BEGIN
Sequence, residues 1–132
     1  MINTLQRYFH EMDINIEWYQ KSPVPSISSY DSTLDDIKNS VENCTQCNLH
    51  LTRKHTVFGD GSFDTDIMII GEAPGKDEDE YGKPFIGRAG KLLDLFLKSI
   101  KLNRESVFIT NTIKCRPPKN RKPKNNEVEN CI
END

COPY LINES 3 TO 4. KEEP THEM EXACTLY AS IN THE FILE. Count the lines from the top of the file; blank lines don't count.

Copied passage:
    51  LTRKHTVFGD GSFDTDIMII GEAPGKDEDE YGKPFIGRAG KLLDLFLKSI
   101  KLNRESVFIT NTIKCRPPKN RKPKNNEVEN CI